Process for identifying audio content

- Creative Technology Ltd.

A fingerprint of an audio signal is generated based on the energy content in frequency subbands. Processing techniques assure a robust identification fingerprint that will be useful for signals altered subsequent to the generation of the fingerprint. The fingerprint is compared to a database to identify the audio signal.

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Description

BACKGROUND OF THE INVENTION

The present invention relates to techniques for automatically identifying musical pieces by monitoring the content of an audio signal.

Several techniques have been devised in the past to achieve this goal. Many of the techniques rely on side information extracted, for example, from side-band modulation (in FM broadcast) or depend on inaudible signals (watermarks) having been inserted in the material being played.

A few patents describe techniques that seek to solve the problem by identifying songs without any side information by extracting “fingerprints” from the song itself, see e.g.:

Patent (U.S. Pat. No. 4,230,990) which describes a system that relies on a frequency domain analysis of the signal, but also requires the presence of a predetermined “signaling event” such as a short single-frequency tone, in the audio or video signal.

Patent (U.S. Pat. No. 3,919,479) which describes a system designed to identify commercials in TV broadcasts. The system extract a low-frequency envelope signal and correlates it with signals in a database.

However, the systems described in these patents suffer significant drawbacks:

The fingerprint matching technique is usually based on a cross-correlation, which is typically a costly process and is impractical when large databases of fingerprints are to be used.

The fingerprint which is extracted from the signal is not very robust to signal alterations such as coding artifacts, distortion, spectral coloration, reverberation and other effects that might have been added to the material.

Accordingly, simple identifications techniques that are robust to signal alterations are required.

SUMMARY OF THE INVENTION

According to one aspect of the invention, musical pieces (e.g., a given song by a given artist) can be automatically identified by monitoring the content of the audio signal. A typical example is a device that continuously listens to a radio broadcast, and is able to identify the music being played without using any side information or watermarking technique, i.e., the signal being listened to was not preprocessed in any manner (for example, to insert inaudible identifying sequences, as in watermarking).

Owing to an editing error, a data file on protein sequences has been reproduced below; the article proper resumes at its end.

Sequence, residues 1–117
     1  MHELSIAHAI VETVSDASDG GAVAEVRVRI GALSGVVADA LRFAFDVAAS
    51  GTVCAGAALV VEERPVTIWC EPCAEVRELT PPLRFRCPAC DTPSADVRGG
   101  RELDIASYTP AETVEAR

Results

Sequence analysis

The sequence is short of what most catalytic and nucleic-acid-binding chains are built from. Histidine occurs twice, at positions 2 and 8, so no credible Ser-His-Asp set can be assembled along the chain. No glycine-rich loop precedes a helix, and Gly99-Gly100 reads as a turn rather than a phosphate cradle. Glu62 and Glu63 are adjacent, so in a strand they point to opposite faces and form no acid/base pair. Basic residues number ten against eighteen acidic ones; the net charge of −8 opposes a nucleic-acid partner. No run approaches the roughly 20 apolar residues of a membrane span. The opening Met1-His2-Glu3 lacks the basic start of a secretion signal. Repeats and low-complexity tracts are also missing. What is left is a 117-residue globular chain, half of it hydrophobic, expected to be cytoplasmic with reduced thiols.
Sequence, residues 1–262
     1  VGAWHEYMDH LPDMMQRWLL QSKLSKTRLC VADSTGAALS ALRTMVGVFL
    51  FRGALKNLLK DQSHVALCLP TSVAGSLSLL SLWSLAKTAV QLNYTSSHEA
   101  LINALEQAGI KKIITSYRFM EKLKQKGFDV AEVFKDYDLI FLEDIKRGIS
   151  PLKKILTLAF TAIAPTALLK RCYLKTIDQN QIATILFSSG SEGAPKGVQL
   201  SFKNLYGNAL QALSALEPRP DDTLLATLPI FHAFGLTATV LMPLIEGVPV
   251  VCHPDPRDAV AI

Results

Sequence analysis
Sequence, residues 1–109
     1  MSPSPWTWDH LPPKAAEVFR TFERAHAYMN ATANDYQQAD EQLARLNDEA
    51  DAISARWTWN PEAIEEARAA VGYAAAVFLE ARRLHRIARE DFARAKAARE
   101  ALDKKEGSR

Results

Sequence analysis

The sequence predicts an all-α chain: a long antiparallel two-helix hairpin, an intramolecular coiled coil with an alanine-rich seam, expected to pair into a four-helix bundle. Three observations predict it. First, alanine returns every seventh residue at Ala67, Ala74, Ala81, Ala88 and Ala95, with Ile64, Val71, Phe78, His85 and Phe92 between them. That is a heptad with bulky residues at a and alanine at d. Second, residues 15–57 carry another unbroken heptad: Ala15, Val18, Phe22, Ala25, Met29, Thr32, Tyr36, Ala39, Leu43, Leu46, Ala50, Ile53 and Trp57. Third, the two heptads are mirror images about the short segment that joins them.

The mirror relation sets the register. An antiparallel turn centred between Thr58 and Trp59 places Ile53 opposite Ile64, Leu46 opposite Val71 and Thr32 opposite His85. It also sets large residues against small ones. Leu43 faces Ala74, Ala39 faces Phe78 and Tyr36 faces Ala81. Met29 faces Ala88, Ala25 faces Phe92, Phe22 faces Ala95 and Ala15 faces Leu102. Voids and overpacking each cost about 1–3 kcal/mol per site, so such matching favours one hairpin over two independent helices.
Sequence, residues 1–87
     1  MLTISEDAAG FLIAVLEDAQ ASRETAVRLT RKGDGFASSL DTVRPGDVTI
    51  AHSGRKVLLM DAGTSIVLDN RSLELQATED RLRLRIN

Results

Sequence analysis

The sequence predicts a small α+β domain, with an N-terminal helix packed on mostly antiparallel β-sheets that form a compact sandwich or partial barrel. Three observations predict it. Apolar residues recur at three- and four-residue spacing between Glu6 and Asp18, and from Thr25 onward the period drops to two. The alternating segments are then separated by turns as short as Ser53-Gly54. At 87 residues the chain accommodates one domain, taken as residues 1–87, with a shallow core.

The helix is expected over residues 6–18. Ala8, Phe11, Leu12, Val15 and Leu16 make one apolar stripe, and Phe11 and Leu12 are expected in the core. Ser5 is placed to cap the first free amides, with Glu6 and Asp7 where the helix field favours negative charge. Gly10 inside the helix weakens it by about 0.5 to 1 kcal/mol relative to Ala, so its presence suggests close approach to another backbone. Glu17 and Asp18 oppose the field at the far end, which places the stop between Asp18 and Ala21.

According to another aspect of the invention, the method comprises the acts of extracting a fingerprint from the first few seconds of audio, and then comparing this fingerprint to those stored in a large database of songs. Because it is desired to identify songs taken among a very large set (several hundreds of thousands), the fingerprint matching process is extremely simple, since it requires comparing the fingerprint to several hundreds of thousands, and yields a reliable result in a small amount of time (less than a second, for example).

According to another aspect of the invention, the identification process is fairly robust to alterations that might be present in the signal, such as audio coding/decoding artifacts, distortion, spectral coloration, reverberation and so on. These alterations might be undesirable, for example resulting from defects in the coding or transmission process, or might have been added on purpose (for example, reverberation or dynamic range compression). In either case, these alterations do not prevent the identification of the musical piece.

According to another aspect of the invention, subband energy signals, having a magnitude in dB, are extracted from overlapping frames of the signal. A difference signal is then generated for each subband. The frequency components of the difference signals from the difference signals of the subbands is used as a fingerprint.

According to another aspect of the invention, the subband energy signals are smoothed so the fingerprint will be still be useful to identify a signal that has been subsequently altered. For example, the signal may have had reverb effects added.

According to another aspect of the invention, the fingerprint is compared to a fingerprint database to identify the audio signal.

According to another aspect of the invention, local maxima of selected parameter of the audio signal are located and a fingerprint monitoring period is located near a local maxima.

Other features and advantages of the invention will be apparent from the following detailed description and appended drawings.

BRIEF DESCRIPTION OF THE DRAWINGS

FIG. 1 is flowchart of the fingerprint extraction algorithm.

FIG. 2 is a graph depicting local maxima of an audio signal's time varying energy.

DESCRIPTION OF THE SPECIFIC EMBODIMENTS

Overview